• I started exercising this month. Of course, I have been here before, but there was a couple of key differences this time. I am seeing a counsellor and an MD for both ADD and depression. I am getting both medical help and mental tools to help me do better, which is starting to have benefits. I started very simple, exercising just 5 minutes a day, 5 days a week. I did have problems with my depression for part of the time and stopped exercising, but I did not let that stop me from trying again. Iím now up to 10 minutes of exercise a day and I came very close to my goal of exercising 20 times (18) in 4 weeks so I am pleased with that. Even exercising this little bit has had a noticeable impact on my mood and my diabetes.

    Here's the point. Start small and simple. Remember, failure is NOT final unless you stop trying, so keep trying. Get whatever help you need and don't settle for anything less.

    Good luck and God Bless! - 9/29/2014 2:48:06 AM
  • I actually did this this morning when I was feeling a bit low. It helped me cheer right up. :) - 5/28/2014 11:55:20 PM
    I am trying - 2/5/2014 11:57:09 AM
    one of the things that helps me (although I can't tell you how many times I've scheduled then skipped or canceled), is to register for a workout class. Usually, once I'm there, I'm not going to leave, and I feel good after getting through the workout. While I do like to be in control, handing over the control to an instructor for 30 or 60 minutes can be such a relief. Now if I could just get myself to utilize your advice and try to do something every day, maybe it would become more of a natural habit. - 2/4/2014 6:04:52 PM
    Thanks for this article! Motivation is something I struggle with so much. It's an endless cycle of being depressed, being unmotivated because of it, and then being more depressed because I can't accomplish anything which makes me feel even more useless. Rinse and repeat. Lately I've been feeling so down because I'd really like to start doing pilates in the morning, but I can't even get out of bed before 8:30, which is barely enough time to get ready for work! Then I get home usually late at night and am exhausted. But I really like the small goal setting this article advocates and am definitely going to start putting it into practice. - 2/4/2014 1:47:48 PM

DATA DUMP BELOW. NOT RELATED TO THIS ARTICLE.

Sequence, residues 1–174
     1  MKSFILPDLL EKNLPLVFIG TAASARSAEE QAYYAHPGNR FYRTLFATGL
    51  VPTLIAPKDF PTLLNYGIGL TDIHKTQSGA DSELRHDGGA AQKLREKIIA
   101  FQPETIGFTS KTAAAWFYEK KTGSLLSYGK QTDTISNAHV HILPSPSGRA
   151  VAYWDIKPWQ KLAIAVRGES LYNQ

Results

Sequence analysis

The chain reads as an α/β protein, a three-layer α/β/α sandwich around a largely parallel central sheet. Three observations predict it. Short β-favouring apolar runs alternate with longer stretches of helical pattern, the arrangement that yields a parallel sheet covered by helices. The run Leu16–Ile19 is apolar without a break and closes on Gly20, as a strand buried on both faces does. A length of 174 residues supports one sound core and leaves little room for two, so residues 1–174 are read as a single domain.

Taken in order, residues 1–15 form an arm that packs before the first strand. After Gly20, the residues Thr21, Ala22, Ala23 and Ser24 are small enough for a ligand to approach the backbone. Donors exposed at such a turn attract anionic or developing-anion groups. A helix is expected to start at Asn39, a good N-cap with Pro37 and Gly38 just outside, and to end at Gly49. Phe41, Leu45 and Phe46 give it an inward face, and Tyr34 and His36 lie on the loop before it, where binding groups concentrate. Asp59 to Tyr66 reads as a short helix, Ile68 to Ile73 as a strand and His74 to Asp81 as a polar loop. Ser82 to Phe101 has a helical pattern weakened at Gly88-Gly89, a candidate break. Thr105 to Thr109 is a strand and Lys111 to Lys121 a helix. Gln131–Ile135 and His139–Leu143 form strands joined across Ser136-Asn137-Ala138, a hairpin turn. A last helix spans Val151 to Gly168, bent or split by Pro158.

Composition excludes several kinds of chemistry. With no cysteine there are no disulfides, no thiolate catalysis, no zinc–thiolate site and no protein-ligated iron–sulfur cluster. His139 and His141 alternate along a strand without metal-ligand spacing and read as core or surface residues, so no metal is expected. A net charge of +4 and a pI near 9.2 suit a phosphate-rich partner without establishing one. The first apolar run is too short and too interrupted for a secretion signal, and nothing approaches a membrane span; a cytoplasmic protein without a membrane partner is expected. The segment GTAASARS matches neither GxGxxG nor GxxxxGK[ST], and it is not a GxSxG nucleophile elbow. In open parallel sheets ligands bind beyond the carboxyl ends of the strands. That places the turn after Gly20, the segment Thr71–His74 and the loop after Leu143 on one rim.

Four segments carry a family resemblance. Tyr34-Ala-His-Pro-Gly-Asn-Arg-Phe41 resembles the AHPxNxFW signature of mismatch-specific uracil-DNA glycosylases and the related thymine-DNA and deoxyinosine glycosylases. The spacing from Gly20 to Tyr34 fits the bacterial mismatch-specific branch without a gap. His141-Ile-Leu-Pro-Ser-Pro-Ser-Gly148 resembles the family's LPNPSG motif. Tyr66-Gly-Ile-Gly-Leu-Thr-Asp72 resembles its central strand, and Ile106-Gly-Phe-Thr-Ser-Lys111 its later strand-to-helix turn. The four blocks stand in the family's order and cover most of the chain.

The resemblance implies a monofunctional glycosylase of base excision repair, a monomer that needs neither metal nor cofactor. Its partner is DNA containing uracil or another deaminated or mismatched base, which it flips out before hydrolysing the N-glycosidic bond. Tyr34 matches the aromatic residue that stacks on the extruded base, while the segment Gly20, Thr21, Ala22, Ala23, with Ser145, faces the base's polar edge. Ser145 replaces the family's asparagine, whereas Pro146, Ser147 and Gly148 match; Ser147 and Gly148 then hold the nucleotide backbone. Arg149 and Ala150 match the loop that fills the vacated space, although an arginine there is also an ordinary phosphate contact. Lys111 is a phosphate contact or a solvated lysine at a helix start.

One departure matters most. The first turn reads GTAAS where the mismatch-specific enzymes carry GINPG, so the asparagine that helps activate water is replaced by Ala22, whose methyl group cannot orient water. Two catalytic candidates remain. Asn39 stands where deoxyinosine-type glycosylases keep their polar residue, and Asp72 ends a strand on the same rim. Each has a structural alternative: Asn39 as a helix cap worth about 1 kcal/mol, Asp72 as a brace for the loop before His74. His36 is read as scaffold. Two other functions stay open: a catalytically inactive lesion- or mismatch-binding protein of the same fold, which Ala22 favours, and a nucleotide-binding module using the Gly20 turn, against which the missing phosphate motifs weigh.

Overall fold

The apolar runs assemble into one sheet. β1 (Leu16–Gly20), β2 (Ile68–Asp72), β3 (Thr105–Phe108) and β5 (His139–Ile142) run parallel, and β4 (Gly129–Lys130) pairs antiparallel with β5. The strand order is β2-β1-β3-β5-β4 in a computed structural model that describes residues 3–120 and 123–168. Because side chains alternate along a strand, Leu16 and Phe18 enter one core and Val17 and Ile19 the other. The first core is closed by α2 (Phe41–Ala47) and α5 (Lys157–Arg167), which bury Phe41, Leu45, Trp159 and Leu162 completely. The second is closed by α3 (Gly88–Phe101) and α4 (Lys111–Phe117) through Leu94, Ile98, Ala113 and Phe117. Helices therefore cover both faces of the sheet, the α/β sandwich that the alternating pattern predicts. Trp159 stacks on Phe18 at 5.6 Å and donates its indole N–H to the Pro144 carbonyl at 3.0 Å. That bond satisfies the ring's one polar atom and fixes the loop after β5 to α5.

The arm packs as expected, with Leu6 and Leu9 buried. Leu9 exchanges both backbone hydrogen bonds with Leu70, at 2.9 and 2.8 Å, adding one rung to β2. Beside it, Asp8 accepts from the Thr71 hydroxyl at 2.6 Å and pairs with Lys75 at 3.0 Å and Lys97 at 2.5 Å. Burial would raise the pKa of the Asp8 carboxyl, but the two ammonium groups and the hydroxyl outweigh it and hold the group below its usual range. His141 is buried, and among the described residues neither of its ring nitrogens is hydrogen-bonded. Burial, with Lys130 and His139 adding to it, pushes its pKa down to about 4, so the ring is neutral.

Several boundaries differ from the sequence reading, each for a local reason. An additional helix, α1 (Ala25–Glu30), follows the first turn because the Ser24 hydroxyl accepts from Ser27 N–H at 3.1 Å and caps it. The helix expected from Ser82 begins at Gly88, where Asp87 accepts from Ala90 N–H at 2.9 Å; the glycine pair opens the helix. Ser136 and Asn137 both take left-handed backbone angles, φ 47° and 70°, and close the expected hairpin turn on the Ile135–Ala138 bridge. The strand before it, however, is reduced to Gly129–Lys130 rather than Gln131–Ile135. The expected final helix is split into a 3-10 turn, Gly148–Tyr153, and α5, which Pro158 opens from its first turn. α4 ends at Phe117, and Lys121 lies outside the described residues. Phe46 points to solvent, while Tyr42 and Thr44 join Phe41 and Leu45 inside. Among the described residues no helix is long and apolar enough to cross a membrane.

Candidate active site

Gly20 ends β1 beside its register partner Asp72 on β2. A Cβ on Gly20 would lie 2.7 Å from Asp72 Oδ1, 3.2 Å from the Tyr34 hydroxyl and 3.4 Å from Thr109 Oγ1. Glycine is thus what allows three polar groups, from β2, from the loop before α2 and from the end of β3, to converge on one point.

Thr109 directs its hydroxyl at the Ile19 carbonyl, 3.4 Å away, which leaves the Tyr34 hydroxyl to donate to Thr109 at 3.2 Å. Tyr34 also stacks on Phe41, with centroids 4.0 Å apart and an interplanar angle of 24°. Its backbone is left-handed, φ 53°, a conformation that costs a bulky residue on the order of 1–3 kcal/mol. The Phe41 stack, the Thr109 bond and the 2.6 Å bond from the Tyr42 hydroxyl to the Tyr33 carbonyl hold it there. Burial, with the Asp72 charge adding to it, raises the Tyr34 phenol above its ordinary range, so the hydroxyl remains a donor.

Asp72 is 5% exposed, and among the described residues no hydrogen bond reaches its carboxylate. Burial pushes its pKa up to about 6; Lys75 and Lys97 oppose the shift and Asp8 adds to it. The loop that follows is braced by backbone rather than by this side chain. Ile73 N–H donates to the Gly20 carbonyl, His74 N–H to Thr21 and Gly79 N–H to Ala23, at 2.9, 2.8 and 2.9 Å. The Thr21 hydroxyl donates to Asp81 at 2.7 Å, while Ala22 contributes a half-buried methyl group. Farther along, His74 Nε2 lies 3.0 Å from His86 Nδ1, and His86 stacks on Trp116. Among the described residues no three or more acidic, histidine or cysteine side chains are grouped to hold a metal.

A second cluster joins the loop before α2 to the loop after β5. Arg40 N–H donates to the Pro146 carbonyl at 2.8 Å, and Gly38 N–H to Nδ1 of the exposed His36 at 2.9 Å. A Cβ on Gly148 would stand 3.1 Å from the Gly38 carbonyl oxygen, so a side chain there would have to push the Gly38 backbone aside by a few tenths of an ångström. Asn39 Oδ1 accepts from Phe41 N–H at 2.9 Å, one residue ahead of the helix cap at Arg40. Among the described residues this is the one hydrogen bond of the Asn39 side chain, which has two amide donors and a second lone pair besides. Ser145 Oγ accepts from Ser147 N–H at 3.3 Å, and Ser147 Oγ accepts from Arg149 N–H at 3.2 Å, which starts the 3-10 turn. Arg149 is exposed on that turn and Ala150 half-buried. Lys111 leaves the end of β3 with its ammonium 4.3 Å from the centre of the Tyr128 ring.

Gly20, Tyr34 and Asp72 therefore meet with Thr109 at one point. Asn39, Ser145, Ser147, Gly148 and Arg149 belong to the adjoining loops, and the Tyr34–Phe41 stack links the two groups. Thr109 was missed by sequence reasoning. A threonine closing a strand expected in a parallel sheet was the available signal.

• Very welcome and important message this am. For those of us who do suffer from all that was mentioned, taking small steps is key-KEY. Knowing that many enthusiasts STRESS heart pounding cardio and daily routines that leave many of us still sitting, it's a wise person who realizes for clinical depression that message is lost.

    Thanks for taking the time to encourage those of us who will find that short walk around the block more difficult than you think...but DOABLE! Depression robs you of the very things you really love as well as affecting those around you who love you. I realize how others who are avid exercise enthusiasts view US. Your looks are not lost on US. We get so should YOU. We're going to make changes...simply be there to help and not hinder,

    Today I will take that short walk, stretch a bit and remember your words. Adding something every week is probably going to be what I can and will do. Small steps to regain health is key.

    Thank you!

    - 2/4/2014 12:37:24 PM
    Thank you so much for this article! It is the little pep-talk that I desperately needed today! This is an area that I am really struggling with right now. I'm trying to get back into a workout routine, and I'm finding myself slipping back into my bad habits and not working out because of the depression. It's time to take a deep breath, put on some music and just do it! - 2/4/2014 8:32:34 AM
  • Great article! This author clearly knows his stuff. His comment about telling someone with depression to "just get over it" is about as useful as telling a diabetic the same thing especially resonated with me. If I had a dollar for every time I've heard something similar, my mortgage would be paid off and I could still buy that vacation beach house. Vitamin D in spades!

    Also super encouraging for those of us (like me) who may be feeling as if they've squandered their health (along with their youth) to note that this author took stock of his situation at the age of 50, committed to a healthy lifestyle, and lost 150 lbs. Well done! And thanks for the inspiration.!!
    - 12/23/2013 11:35:48 PM